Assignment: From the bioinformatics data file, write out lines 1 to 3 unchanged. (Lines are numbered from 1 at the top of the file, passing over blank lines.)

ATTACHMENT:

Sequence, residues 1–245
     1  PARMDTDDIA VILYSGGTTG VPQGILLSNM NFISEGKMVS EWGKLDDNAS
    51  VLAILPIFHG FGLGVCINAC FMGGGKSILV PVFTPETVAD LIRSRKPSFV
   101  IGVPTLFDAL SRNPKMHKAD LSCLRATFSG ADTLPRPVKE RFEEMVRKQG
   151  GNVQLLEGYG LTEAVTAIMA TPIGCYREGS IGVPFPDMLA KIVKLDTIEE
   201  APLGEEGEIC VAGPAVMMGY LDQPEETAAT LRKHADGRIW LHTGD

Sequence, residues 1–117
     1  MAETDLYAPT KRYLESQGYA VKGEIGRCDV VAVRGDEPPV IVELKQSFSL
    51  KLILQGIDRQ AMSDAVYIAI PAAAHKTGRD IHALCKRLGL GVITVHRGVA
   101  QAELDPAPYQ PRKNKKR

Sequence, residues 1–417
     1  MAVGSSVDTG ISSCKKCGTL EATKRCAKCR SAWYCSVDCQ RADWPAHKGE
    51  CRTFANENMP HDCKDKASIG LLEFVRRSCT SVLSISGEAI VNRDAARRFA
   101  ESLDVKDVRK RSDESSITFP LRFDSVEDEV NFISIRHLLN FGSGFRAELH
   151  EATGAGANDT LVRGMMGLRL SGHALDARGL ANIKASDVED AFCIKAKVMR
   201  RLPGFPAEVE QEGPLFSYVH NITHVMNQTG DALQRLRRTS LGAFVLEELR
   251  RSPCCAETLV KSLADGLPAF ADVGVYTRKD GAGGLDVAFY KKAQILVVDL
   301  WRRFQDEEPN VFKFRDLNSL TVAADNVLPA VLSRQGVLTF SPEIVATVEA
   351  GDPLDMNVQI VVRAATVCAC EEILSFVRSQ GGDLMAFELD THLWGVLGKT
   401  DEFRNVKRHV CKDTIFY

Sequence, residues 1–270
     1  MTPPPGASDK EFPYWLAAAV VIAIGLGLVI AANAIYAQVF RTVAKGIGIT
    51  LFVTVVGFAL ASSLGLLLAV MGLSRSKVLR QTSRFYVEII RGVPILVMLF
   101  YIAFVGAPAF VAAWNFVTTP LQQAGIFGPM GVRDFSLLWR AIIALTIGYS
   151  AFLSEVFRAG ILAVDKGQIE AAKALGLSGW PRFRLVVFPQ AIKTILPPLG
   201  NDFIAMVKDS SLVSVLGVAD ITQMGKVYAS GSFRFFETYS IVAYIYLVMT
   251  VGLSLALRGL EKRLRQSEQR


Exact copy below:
Sequence, residues 1–245
     1  PARMDTDDIA VILYSGGTTG VPQGILLSNM NFISEGKMVS EWGKLDDNAS
    51  VLAILPIFHG FGLGVCINAC FMGGGKSILV PVFTPETVAD LIRSRKPSFV